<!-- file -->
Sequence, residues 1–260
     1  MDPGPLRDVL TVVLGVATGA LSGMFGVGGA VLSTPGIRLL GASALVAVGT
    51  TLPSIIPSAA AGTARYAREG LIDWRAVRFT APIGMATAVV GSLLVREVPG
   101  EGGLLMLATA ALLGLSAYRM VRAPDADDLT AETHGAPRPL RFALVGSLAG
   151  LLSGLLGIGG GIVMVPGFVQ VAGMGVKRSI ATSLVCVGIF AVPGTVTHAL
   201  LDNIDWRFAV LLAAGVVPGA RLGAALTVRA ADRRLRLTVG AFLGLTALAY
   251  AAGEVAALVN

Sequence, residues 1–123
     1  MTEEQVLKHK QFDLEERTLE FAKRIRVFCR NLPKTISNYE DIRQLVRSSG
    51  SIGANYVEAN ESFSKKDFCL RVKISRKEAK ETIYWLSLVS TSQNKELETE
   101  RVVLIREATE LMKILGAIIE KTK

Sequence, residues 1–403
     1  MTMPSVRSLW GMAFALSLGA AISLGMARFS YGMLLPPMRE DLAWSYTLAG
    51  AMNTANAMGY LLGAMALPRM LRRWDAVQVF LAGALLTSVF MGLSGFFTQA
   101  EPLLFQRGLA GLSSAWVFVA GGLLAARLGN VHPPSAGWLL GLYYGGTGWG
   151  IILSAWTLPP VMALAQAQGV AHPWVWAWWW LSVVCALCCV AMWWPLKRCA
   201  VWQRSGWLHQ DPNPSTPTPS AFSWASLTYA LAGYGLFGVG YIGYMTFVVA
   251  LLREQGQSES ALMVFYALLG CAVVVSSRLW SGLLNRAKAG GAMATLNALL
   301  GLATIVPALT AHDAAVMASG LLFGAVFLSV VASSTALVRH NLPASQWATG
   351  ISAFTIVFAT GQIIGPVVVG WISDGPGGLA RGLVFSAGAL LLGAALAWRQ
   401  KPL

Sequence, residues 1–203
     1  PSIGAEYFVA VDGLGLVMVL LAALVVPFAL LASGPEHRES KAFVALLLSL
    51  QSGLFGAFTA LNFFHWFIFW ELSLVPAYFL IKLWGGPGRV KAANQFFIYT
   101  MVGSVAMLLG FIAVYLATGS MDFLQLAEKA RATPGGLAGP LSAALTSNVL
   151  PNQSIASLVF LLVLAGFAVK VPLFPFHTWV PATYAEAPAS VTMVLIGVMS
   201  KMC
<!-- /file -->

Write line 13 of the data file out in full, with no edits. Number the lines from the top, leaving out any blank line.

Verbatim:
     1  MTMPSVRSLW GMAFALSLGA AISLGMARFS YGMLLPPMRE DLAWSYTLAG